Attend Your County/Senatorial District Convention
To find your 2020 County/SD Convention time and location, please check with your county party.
- Delegate One-Pager — a single-page handout with an overview — pass this out to your friends and neighbors
Info sheet on methods for a county/SD convention to elect people as delegates or alternates to the RPT State Convention. Sample supplemental rules for allowing precincts to select some or all of their own delegates.
2020 RPT SD Delegate Allocation Numbers to State Convention
County or Senate District Convention Materials
- Committees & Exhibits for Submission to State Party (you are not required to use these exact forms; however, they are an easy way for you to communicate the information that is required by the rules)
- Other Useful Tools
2020 County – SD Convention PowerPoint
A County Convention is held when the county is completely within one state senatorial district. The incumbent county chairman (which may be different than the one elected in the primary election) serves as the temporary county convention chairman.
A Senatorial District (SD) Convention is held when the county is divided between two or more state senatorial districts. The temporary senatorial district chairman is elected by the precinct chairs within that county’s state senatorial district.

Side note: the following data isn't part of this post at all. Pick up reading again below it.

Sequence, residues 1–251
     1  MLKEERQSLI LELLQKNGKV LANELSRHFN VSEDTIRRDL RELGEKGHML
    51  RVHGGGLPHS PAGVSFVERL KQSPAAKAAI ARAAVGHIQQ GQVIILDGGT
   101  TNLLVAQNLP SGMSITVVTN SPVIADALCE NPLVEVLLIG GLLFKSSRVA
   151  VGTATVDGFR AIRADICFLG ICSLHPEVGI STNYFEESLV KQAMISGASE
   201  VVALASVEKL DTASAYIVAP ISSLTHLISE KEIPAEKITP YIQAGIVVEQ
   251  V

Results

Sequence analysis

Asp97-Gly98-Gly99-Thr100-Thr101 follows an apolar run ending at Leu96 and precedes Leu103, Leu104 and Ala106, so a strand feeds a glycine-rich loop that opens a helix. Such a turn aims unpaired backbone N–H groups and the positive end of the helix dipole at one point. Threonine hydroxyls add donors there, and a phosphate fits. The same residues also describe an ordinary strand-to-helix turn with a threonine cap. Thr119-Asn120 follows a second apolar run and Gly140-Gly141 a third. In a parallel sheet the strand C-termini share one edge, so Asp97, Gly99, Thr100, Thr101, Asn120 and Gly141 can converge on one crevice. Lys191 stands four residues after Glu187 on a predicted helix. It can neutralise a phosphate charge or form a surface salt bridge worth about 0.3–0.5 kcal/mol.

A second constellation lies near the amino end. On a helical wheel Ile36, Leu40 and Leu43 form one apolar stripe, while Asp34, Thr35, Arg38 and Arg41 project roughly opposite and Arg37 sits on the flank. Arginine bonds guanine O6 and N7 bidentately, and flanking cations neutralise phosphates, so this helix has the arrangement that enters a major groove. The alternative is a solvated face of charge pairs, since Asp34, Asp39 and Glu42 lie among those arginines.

Anyone may attend the convention as a guest. Only those individuals who were elected by their precinct can be delegates and alternates at the county or senatorial district convention.
The county/senatorial district convention is the 3rd Saturday after the primary election unless there is a conflict with Easter or Passover. Delegates to the county or state senatorial district convention elect permanent convention officers, elect delegates and alternates to the state convention, and consider and vote on resolutions.
Starting at this level, committees may be used to do some of the preliminary work for the convention. For example, a nominations committee may be elected to consider those wanting to be elected as delegates to the next convention, then present a slate of delegates and alternates for the convention body to vote on. Also, a resolutions committee may be elected to consider resolutions, then present a resolutions report for the convention body to vote on. Contact your local County Chair or State Republican Executive Committee (SREC) member for more information about the convention or committee meetings.